“While this Court might quarrel with whether any litigation can provide ‘closure’ for folks who have tragically lost their families, their homes, and their bearings, the Court certainly understands Plaintiffs’ desire to have a trial that seeks to answer many of the questions they harbor as a result of this tragedy,” Rogoff wrote.

He said that delaying the trial is the correct decision now, but there will be no further continuances “absent the most extraordinary circumstances.”

Scott North: 425-339-3431; Twitter: @snorthnews.

Talk to us

More in Local News

King County map logo
Tribal members dance to start an assemble on the National Day for Truth and Reconciliation and Orange Shirt Day Friday evening at Tulalip Gathering Hall in Tulalip, Washington on September 30, 2022.  (Kevin Clark / The Herald)
‘Still here’: Tulalip boarding school descendants celebrate resilience

On Orange Shirt Day, a national day of remembrance, the Tulalip Tribes honored those who suffered due to violent cultural suppression.

Councilmember Megan Dunn, left, stands next to County Executive Dave Somers as he presents his 2023 budget proposal to her, Councilmember Nate Nehring and Councilmember Sam Low. (Snohomish County)
As County Council begins budget talks, here’s how you can weigh in.

Department heads will make their pitches in the next few days. Residents will get a say at a forum and two hearings this month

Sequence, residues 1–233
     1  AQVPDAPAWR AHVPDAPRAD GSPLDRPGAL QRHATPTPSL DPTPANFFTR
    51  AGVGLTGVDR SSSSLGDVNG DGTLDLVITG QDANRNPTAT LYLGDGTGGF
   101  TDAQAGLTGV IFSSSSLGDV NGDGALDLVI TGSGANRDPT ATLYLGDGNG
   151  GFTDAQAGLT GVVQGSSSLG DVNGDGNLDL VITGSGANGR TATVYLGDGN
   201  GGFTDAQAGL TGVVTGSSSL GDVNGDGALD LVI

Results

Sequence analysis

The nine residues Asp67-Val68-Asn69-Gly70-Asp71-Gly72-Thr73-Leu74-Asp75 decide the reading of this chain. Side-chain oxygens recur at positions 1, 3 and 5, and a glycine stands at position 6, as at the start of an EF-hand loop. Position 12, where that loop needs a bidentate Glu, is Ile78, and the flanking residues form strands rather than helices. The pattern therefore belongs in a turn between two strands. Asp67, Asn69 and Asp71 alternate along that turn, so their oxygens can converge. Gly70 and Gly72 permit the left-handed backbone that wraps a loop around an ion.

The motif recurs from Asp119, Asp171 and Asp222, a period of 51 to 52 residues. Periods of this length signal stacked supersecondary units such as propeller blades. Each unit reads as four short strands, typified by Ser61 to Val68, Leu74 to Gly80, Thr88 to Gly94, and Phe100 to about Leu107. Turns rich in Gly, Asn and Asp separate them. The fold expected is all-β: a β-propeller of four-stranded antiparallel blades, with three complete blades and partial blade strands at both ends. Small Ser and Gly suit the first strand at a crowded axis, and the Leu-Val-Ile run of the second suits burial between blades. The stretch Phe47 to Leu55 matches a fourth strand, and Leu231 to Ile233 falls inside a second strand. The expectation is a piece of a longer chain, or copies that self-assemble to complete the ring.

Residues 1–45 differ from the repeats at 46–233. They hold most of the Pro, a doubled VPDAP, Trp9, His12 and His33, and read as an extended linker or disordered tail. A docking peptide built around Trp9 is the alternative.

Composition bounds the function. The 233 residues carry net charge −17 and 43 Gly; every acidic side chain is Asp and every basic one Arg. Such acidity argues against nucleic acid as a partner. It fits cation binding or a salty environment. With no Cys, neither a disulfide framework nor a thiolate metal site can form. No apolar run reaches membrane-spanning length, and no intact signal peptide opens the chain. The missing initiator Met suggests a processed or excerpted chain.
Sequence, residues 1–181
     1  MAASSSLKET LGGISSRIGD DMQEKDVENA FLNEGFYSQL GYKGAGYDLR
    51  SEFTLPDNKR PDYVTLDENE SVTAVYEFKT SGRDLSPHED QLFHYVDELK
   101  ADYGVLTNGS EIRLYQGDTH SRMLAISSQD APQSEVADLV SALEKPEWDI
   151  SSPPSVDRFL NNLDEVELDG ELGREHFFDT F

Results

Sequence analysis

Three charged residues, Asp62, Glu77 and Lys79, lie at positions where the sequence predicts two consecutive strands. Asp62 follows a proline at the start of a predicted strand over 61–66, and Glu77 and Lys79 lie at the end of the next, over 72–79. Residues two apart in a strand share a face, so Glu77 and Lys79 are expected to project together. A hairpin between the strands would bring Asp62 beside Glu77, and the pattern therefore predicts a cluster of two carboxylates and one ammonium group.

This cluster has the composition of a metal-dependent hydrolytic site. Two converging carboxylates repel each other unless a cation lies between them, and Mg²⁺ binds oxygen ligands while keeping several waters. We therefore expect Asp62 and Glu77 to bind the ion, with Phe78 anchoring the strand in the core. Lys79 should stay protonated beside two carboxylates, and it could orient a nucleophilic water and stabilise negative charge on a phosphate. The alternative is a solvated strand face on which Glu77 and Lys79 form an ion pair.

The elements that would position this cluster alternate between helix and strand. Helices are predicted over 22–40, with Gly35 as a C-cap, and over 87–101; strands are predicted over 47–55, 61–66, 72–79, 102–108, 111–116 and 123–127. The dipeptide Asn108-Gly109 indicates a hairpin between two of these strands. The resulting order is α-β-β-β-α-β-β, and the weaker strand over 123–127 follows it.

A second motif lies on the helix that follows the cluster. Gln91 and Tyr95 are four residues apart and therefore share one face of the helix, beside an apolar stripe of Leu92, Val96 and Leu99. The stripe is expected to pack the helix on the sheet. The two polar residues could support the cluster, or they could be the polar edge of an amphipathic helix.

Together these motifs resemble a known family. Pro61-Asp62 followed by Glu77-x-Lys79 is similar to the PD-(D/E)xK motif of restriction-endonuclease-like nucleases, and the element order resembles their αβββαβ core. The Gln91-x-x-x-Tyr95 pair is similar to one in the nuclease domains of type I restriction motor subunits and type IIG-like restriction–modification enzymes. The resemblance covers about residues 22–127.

Representative Rick Larsen speaks at the March For Our Lives rally on Saturday, June 11, 2022 in Everett, Washington. (Olivia Vanni / The Herald)
Larsen to hold community meeting in Everett on Monday

The veteran Democratic lawmaker will address recent legislation passed by Congress and other topics.

Everett gets state Auditor’s Office stewardship award

State Auditor Pat McCarthy presented the award during the most recent Everett City Council meeting.

(Mt. Baker-Snoqualmie National Forest - US Forest Service)
U.S. 2 reopens east of Index as Bolt Creek wildfire moves north

The highway was blocked off earlier this week as the fire spread.

FILE - Sen. Patty Murray, D-Wash., speaks during a news conference the vote to codify Roe v. Wade, in this May 5, 2022 file photo on Capitol Hill in Washington. Murray is one of the U.S. Senate's most powerful members and seeking a sixth term. She is being challenged by Tiffany Smiley, a Republican from Pasco, Wash. (AP Photo/Jacquelyn Martin, File)
Providence continues to face questions about hospital debt collection

The hospital group has pushed back against the notion that Providence “intentionally takes advantage of those who are vulnerable.”

Vehicles exiting I-5 southbound begin to turn left into the eastbound lanes of 164th Street Southwest on Wednesday, Aug. 17, 2022, in Lynnwood, Washington. (Ryan Berry / The Herald)
Traffic backups on 164th Street near I-5 could see relief soon

The county and state are implementing a new traffic signal system that synchronizes the corridor and adjusts to demand.

Anthony Christie with his son (Family photo)
‘Senseless’: Mom sues state DOC after son’s suicide at Monroe prison

The lawsuit alleges systemic failures at the Monroe Correctional Complex led to Anthony Christie’s death in 2019.

Most Read